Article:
Jump to content

Soft & noisy image - Why?

Henrik Öberg

Recommended Posts

Hi! I'm somewhat of a beginner videographer, and I'm by no means an expert. I've been using my BMPCC 4K I bought recently, and it's been great at many kinds of shooting conditions I've thrown at it so far (portrait shots, moving subjects, indoors and outdoors under different lighting conditions). However, yesterday I wanted to try out a simple slow moving shot of one of the streets in my neighborhood, and the result is... surprisingly noisy and soft. I'm not sure if it's my settings or my lens, or if the lighting conditions were too difficult for the camera to handle? My lens is not very high-end or anything, but the results I've gotten from it in other scenes have been really, really good. So I'm not sure what the problem was this time.

My lens is a Lumix G Vario 14-42mm f/3,5-5,6 II ASPH Mega O.I.S, and the settings used in this shot were:

Camera Type: Blackmagic Pocket Cinema Camera 4K
Firmware Version: 7.3
Braw Compression Ratio: Q5
Braw Codec Bitrate: 470320320
Crop Size: 4096 x 2160
Shutter Type: Speed
Shutter Value: 1/192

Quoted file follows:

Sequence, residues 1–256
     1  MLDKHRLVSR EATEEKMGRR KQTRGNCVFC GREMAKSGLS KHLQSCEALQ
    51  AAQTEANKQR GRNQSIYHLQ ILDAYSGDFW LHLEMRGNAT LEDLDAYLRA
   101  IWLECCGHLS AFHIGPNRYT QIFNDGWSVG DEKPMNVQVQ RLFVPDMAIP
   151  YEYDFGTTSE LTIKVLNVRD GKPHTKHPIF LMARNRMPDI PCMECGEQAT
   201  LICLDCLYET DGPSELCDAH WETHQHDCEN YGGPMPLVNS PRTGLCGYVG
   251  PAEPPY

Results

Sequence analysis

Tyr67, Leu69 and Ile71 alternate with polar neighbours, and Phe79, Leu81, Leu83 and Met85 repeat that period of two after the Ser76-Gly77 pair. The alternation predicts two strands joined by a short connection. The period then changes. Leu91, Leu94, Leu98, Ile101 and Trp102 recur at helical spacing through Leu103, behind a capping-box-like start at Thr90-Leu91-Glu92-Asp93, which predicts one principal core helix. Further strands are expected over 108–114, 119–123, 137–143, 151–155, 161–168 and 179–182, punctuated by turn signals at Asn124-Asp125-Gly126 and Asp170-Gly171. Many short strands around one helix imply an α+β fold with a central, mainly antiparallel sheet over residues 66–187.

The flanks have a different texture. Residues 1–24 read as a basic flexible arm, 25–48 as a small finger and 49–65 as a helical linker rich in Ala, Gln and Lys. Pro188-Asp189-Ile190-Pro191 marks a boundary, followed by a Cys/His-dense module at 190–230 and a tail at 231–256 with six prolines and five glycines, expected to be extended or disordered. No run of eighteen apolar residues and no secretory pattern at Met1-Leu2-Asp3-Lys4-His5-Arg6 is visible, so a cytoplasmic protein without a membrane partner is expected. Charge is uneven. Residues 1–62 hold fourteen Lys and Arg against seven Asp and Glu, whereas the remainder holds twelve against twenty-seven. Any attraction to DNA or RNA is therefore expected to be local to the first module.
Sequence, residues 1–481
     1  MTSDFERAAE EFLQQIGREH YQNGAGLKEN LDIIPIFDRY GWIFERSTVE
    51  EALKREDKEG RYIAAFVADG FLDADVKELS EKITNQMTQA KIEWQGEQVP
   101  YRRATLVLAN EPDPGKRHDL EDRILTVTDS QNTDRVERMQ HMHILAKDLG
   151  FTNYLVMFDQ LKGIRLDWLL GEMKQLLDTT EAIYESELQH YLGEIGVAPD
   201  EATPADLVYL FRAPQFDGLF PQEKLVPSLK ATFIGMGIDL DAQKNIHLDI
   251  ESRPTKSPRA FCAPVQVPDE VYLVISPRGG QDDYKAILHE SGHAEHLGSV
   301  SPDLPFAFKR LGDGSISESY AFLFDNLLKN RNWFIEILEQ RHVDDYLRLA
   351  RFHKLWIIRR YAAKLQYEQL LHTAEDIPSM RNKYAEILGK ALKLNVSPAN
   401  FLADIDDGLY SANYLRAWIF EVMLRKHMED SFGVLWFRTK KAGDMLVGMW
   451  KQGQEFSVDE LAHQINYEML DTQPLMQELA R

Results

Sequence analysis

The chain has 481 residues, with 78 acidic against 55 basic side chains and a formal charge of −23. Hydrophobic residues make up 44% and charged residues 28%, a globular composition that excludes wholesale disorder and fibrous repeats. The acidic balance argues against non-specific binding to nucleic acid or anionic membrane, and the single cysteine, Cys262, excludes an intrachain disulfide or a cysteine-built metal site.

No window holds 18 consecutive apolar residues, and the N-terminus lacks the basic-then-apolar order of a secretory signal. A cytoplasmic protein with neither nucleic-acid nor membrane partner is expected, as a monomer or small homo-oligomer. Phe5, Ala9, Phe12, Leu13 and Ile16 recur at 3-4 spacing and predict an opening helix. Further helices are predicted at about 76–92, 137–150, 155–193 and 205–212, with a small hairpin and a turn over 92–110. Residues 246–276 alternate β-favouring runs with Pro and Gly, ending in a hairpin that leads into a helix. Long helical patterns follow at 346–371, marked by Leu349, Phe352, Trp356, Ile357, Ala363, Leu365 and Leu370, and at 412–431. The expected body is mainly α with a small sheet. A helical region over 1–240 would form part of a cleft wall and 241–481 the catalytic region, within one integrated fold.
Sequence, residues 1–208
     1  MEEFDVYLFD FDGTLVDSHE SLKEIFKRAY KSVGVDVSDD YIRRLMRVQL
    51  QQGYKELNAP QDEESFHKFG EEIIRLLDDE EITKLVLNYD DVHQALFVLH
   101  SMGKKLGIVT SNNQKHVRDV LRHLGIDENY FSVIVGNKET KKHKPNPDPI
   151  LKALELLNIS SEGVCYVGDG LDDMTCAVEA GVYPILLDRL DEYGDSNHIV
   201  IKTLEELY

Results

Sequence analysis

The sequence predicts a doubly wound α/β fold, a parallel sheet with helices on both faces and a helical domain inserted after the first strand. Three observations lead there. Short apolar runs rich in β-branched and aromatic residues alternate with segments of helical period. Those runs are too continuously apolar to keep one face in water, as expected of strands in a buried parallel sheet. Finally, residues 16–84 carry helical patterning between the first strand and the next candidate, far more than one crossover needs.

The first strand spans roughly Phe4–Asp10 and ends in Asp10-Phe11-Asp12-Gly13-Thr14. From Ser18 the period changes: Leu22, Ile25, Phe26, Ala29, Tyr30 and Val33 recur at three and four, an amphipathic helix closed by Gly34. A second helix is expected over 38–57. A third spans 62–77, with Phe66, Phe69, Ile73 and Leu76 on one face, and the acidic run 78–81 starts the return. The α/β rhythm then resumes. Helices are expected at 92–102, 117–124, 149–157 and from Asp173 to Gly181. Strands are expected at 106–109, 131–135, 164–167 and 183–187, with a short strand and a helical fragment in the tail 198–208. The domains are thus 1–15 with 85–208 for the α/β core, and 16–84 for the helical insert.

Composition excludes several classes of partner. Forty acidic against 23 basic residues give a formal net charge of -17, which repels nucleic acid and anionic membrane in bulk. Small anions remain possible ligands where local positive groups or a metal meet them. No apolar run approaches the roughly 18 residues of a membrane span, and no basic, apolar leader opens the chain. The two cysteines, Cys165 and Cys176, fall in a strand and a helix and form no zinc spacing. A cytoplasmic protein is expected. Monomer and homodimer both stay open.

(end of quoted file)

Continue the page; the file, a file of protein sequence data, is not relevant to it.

Sensor Rate: 60.00
Internal Nd: 0
Aperture: f15.0
Exposure: 0
Focal Length: 12mm
Distance: 466mm
White Balance Kelvin: 4750
White Balance Tint: 15
Iso: 400
Clip Number: A006_08311310_C001
Reel Name: 6
Scene: 1
Take: 99
Good Take: false
Environment: interior
Day Night: day
Lens Type: LUMIX G VARIO 12-60/F3.5-5.6
Camera Number: A
Viewing Gamma: Blackmagic Design Video
Viewing Gamut: Blackmagic Design
Viewing Bmdgen: 5


Is there any way to make a shot like this better on the BMPCC 4K (without breaking the bank?)

Any help would be very much appreciated!

Link to comment
Share on other sites

You haven't posted a link to the footage, and there's no way to tell from the settings whether your exposure was correct.

One thing- "Distance: 466mm"- was the focus really set to 46cm? That's way close for a long shot even allowing for DoF.

Link to comment
Share on other sites

  • 4 months later...

If your aperture was set to f15, (I am assuming the "5" in "15" is a typo and you meant "f16"), then the softening will be due to diffraction. You should aim for a wider aperture in the ballpark of f5.6 by using ND filters or even better, IRND filters.

Then I think you will see an improvement.

IS0400 may spoil your whites. You might be better off using enough ND to allow you to set your camera's ISO to its sweet setting or even more ND to enable a higher gain setting to protect bright details like clouds in sky and the form of light coloured motor vehicles and the texture of bright walls.

Please take more heed of the comments of wiser folk than I who may add comments.

Link to comment
Share on other sites

Create an account or sign in to comment

You need to be a member in order to leave a comment

Create an account

Sign up for a new account in our community. It's easy!

Register a new account

Sign in

Already have an account? Sign in here.

Sign In Now
  • Create New...